As minor officials followed the orders of their fleeing masters and smashed the city’s stores of alcoholic beverages in the streets, thugs and deserters flopped on their bellies to lap whiskey from the gutters. Looting and violence spread. Spawned by the continuing detonations from munitions stores and the arsenal, an inferno tore across the city’s commercial district. By the next morning, the conflagration had gutted Richmond’s heart, stopping just below Virginia’s capital building. It was a sorry climax to years of valor.
Not everyone ran away. Mary Custis Lee, the invalid wife of the Confederacy’s senior general, refused entreaties to abandon her home. Forced from one residence to another over four years of war (with her family’s plantations destroyed in succession), “Mrs. General Lee” chose to stand her ground – or, put more accurately, to sit her ground in her “rolling chair.” A far more vitriolic Rebel than her restrained husband, she and her daughters spent the night watching the fire’s approach, praying hard and hating Yankees. Neighbors wet down the roof of the Lee’s rented home, but the inferno appeared unstoppable – until a sudden shift of the wind before dawn turned back the flames on the other side of the street.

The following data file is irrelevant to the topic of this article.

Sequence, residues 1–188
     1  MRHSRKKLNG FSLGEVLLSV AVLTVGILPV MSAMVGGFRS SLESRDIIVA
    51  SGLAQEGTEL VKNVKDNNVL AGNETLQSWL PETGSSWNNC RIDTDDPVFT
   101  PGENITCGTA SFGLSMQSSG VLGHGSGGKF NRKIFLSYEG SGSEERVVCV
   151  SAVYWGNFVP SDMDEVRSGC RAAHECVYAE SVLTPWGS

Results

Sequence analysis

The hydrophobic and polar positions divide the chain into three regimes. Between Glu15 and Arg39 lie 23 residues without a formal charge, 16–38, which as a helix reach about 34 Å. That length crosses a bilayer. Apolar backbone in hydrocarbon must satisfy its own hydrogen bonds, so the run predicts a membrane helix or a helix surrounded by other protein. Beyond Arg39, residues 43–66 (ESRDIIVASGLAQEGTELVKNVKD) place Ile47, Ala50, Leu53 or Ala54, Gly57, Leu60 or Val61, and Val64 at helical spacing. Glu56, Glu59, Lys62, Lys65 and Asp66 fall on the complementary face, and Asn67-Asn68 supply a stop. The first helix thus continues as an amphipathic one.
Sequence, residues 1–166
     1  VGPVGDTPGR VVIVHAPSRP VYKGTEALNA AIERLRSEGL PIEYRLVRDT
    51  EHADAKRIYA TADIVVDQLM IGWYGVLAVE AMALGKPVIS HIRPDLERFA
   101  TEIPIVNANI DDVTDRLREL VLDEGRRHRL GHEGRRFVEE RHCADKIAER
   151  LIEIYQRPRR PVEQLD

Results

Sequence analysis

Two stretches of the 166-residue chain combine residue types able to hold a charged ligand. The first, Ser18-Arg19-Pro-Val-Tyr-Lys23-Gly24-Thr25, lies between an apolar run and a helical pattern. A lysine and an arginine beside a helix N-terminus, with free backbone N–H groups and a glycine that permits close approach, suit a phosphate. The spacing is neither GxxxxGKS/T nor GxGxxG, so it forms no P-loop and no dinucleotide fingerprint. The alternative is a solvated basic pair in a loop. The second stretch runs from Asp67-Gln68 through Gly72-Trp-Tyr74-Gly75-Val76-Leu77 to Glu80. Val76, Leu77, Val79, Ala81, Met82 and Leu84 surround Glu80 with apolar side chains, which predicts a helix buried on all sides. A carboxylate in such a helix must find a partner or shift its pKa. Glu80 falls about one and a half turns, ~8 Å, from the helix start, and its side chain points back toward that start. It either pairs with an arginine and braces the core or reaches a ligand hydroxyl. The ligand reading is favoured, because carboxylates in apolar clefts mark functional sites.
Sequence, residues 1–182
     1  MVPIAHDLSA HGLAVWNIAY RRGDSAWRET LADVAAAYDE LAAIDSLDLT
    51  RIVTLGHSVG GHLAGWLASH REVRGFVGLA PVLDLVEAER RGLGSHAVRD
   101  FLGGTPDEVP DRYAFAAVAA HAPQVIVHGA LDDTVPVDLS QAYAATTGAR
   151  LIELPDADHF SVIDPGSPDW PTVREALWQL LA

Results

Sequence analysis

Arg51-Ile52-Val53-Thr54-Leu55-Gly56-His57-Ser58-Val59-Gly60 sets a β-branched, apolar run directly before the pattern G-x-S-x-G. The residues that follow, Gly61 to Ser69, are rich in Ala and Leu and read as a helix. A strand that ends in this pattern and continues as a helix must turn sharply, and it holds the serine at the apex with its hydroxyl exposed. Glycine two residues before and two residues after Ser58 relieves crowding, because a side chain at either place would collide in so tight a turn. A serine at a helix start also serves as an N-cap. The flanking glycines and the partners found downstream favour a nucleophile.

U.S. Colored Troops led the way into Richmond on the morning of April 3rd, followed by cavalrymen on well-fed mounts and then a long parade of Yankee regiments. Mrs. Lee was treated with respect and a guard posted at her door to deter the brigands haunting the city. Union soldiers deployed to quell the remaining flames, and some of the fire went out of Mrs. Lee, too. In time, she came to see each of her enlisted guardians as some other mother’s son and she drew on her meager stocks of food to send “her” sentry a breakfast tray every morning.
As smoke wreathed a half-ruined city, Mrs. Lee’s husband drove his army westward, determined, even with Richmond lost, to fight on for the Confederate States of America. And for pride.
When historians speak of a westward “race” between Lee’s soldiers and their pursuers, it conjures images of speed thoroughly at odds with the harsh reality. The weather still delivered more rain than sun; vast armies quickly churned up the few roads; even Union troops outran their supplies; and the last battles we remember obscure the constant skirmishing and vicious local engagements that erupted whenever the mud-crusted armies blundered against one another.